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Web-only Exclusives
November 30, 2000

From Our Correspondent: Hirohito and the War
A conversation with biographer Herbert Bix

From Our Correspondent: A Rough Road Ahead
Bad news for the Philippines - and some others

From Our Correspondent: Making Enemies
Indonesia needs friends. So why is it picking fights?

Asiaweek Time Asia Now Asiaweek story

PROJECTS

Indonesia's $2-Billion Jet


RESEARCH AND TECHNOLOGY MINISTER B.J. Habibie was more ebullient than usual early this month. Indonesia's domestically developed N-250 commuter plane, he told reporters, was close to breaking even with 219 orders at up to $12 million each. Never mind that Habibie has never given a firm figure about how much was spent on the aircraft, which the World Bank has described as "an expensive toy" that Indonesia cannot afford. And only 24 of the 70-seat short-range N-250 will go to overseas buyers, with Pakistan taking a look-see position on 15 more. Habibie is moving on. He wants Indonesia's IPTN aviation factory to design and manufacture a 130-passenger jetliner codenamed the N-2130.

The minister enjoys the highest backing. In his personal capacity, President Suharto is president-commissioner of new company Dua Satu Tiga Puluh -- Indonesian for the numbers 2130. It will raise $2 billion for a prototype. "This is in the interest of Indonesia's future, especially for transportation," Suharto said March 13 when the firm was formally launched. The plan is to sell shares to Indonesian citizens. Among the 50 or so tycoons who have already bought stakes are timber magnates Muhamad "Bob" Hasan and Prajogo Pangestu, though no one is saying how much they pledged.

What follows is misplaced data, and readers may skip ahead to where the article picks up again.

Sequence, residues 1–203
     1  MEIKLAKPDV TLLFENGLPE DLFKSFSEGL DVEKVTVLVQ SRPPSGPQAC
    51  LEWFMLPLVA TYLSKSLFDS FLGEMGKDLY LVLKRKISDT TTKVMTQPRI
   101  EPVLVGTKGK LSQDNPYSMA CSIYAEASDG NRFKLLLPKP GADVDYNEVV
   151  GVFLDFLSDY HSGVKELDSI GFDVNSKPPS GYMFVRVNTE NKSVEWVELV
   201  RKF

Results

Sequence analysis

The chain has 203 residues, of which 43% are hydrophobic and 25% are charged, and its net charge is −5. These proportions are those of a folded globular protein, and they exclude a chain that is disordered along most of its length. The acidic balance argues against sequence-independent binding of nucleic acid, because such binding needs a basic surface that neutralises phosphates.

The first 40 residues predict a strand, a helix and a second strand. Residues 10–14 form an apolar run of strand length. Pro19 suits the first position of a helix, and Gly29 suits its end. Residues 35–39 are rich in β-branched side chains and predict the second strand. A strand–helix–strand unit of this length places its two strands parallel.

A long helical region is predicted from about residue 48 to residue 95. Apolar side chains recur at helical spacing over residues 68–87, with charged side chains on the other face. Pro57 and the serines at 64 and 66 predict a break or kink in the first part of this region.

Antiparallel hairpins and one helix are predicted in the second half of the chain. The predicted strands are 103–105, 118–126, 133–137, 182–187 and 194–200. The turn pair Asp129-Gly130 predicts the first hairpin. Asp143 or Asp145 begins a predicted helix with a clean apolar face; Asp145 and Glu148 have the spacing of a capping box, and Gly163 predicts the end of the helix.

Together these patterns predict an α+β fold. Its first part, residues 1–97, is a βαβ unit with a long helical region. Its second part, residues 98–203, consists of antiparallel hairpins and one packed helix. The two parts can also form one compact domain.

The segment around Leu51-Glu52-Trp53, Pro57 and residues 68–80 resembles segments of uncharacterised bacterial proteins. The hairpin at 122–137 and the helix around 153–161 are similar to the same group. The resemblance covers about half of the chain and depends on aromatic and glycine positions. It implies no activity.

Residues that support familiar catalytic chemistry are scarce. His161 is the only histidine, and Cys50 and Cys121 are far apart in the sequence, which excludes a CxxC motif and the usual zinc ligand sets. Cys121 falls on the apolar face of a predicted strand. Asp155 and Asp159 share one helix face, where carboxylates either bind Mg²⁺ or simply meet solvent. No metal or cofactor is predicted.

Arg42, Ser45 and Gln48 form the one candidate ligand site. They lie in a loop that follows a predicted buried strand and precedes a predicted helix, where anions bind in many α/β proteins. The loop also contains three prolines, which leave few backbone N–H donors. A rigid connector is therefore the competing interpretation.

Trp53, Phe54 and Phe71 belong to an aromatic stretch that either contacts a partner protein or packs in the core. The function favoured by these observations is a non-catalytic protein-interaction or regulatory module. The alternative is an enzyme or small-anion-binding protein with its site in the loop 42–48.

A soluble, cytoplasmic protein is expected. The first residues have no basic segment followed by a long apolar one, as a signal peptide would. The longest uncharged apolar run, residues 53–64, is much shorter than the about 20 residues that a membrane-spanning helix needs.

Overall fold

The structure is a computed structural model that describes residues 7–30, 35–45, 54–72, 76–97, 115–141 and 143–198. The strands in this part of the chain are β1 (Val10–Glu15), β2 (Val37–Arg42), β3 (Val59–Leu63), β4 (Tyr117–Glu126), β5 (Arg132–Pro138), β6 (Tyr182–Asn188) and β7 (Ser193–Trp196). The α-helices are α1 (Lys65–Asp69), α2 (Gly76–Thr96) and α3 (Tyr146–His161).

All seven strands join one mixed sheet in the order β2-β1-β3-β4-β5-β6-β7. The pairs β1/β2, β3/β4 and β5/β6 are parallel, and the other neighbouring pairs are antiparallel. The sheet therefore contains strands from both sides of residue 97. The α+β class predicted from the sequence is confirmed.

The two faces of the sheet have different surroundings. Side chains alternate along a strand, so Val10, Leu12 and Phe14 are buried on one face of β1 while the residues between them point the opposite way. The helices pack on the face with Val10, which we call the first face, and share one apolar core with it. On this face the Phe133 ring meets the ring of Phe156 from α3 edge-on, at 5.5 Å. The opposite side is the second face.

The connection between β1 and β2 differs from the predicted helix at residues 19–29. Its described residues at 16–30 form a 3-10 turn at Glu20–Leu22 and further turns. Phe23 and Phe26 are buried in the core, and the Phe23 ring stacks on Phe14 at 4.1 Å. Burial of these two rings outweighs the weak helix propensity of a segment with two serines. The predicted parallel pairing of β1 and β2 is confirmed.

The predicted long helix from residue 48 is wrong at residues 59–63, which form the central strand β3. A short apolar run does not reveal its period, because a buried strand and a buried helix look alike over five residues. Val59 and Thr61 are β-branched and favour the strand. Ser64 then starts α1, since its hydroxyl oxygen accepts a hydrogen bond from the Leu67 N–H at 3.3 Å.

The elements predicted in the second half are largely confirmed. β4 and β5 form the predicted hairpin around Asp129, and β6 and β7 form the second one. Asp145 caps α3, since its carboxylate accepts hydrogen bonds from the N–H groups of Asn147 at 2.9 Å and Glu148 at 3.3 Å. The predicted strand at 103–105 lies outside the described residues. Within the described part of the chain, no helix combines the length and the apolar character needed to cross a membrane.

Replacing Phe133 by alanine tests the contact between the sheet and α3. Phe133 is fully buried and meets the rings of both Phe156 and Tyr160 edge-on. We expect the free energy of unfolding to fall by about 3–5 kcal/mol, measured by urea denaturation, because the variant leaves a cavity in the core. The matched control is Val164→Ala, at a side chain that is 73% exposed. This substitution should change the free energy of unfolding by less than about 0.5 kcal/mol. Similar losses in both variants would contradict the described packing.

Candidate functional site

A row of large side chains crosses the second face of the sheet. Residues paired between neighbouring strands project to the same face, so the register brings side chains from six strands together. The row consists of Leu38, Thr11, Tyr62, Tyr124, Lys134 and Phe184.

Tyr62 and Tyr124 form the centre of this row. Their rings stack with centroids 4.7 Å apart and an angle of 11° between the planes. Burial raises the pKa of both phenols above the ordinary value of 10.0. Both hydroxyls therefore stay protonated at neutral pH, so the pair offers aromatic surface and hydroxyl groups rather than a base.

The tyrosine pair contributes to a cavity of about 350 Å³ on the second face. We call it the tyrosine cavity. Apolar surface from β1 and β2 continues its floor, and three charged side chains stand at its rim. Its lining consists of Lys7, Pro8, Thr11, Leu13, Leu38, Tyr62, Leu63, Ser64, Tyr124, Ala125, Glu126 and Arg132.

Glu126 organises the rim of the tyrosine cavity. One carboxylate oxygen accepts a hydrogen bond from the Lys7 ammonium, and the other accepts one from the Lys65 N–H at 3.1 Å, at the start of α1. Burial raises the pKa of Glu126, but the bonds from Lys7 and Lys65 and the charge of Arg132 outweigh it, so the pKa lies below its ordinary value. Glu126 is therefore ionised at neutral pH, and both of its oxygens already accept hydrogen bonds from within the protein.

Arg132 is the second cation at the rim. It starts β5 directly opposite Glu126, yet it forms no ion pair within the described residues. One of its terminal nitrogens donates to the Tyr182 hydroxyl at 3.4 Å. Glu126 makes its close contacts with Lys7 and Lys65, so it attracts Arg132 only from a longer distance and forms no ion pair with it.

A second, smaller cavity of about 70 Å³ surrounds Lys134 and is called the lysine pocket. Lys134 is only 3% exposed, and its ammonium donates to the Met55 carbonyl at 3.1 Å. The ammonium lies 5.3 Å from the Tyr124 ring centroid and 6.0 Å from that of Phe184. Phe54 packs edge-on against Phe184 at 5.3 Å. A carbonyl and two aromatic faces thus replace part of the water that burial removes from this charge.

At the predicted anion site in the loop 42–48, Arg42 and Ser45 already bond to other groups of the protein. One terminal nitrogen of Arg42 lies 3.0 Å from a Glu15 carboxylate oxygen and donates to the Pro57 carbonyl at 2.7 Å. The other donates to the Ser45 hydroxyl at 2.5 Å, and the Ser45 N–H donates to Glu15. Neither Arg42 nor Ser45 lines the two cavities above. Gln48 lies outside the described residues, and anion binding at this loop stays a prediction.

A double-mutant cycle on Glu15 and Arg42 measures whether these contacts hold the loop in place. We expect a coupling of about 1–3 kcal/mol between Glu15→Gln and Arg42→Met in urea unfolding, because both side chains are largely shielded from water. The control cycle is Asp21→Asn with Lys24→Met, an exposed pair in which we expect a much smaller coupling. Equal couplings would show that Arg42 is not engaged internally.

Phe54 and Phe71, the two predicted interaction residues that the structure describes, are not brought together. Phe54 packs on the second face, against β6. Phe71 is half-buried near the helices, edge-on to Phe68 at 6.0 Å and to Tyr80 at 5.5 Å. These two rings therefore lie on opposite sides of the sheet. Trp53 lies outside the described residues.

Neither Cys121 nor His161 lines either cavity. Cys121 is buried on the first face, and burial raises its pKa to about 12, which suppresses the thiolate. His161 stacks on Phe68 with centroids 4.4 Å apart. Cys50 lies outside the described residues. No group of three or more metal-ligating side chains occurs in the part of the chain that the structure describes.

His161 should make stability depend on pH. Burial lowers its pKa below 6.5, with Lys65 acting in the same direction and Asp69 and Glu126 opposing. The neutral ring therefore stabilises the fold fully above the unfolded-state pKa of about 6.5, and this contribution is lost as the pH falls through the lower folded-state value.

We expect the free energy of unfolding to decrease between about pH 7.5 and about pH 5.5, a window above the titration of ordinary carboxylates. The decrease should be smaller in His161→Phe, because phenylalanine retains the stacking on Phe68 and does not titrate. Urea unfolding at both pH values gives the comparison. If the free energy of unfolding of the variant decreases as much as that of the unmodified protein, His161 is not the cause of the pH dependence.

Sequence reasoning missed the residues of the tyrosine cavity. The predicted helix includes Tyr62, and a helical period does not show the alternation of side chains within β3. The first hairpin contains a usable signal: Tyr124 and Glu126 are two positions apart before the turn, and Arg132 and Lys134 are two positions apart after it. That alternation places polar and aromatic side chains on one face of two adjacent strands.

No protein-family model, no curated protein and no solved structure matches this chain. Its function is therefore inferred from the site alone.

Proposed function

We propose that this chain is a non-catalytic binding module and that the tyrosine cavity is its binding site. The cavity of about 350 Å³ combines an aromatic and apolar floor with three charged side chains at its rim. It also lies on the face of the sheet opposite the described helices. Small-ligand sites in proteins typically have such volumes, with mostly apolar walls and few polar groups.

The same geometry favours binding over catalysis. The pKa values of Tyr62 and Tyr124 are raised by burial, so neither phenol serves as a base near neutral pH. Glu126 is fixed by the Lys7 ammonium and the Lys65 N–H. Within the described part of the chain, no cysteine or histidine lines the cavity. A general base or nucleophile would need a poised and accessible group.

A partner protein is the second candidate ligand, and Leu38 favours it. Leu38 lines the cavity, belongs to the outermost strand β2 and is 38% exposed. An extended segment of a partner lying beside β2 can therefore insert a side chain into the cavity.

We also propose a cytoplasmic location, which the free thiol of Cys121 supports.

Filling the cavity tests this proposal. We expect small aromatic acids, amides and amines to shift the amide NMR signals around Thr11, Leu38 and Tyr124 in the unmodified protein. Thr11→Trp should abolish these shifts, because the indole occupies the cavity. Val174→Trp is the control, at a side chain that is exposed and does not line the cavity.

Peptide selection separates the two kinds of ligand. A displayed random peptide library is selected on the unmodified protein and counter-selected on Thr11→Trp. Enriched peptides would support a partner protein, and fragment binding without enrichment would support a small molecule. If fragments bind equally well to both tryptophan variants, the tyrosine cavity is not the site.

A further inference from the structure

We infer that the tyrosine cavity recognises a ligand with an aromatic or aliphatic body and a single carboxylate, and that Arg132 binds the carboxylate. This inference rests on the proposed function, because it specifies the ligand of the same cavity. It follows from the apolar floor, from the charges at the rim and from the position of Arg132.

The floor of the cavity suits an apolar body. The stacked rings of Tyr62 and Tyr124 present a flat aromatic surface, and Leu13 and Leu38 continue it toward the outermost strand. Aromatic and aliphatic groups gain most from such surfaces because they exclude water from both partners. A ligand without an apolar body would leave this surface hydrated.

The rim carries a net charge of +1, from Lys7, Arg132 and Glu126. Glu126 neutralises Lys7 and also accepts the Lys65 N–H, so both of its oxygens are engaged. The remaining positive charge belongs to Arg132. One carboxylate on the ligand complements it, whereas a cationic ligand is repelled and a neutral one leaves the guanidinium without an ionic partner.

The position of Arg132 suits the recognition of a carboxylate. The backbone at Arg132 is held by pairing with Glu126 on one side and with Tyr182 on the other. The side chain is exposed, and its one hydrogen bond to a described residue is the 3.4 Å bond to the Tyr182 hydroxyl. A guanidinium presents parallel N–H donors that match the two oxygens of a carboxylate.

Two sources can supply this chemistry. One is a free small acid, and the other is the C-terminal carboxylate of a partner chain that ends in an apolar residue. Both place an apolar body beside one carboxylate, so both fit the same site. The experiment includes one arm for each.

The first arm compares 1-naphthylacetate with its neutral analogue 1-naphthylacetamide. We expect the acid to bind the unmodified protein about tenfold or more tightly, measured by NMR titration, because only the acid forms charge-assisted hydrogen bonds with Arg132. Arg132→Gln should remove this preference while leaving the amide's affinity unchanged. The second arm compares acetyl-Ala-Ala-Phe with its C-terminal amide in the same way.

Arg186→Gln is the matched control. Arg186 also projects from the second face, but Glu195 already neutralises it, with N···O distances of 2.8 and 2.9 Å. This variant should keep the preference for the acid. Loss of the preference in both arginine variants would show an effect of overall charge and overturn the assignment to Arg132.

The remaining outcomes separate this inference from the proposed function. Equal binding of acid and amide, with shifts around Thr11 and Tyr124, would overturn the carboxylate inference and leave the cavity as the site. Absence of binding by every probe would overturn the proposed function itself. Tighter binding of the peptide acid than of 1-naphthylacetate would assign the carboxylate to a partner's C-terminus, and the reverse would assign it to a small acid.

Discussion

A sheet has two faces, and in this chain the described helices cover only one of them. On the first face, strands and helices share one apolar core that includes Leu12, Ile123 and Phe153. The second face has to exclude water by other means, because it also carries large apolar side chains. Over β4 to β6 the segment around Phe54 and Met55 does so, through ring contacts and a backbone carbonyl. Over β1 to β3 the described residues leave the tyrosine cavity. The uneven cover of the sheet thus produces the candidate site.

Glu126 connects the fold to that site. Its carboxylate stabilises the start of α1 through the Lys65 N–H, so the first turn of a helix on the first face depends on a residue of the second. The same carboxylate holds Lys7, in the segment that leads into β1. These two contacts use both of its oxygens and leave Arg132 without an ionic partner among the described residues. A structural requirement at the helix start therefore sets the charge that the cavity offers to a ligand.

Once an executive with German planemaker Messerschmitt, Habibie argues that a far-flung archipelago like Indonesia should not depend on foreigners for its transport needs. He expects the N-2130 to be in service by 2006. Many are skeptical. IPTN may have proved that it can build a turboprop when the N-250 soared beautifully last August, but a jet is a far more complicated machine. And it must be accepted in Indonesia and beyond. As it is, industry sources say the government had to twist arms to persuade local airlines to buy the N-250. But Martin Craigs, president of Swedish maker Saab Aircraft, understands Jakarta's enthusiasm: "Even if we're talking about the crumbs left over from the big guys, [the market for small planes] is still huge" -- especially with debt-ridden Fokker declaring bankruptcy last week.

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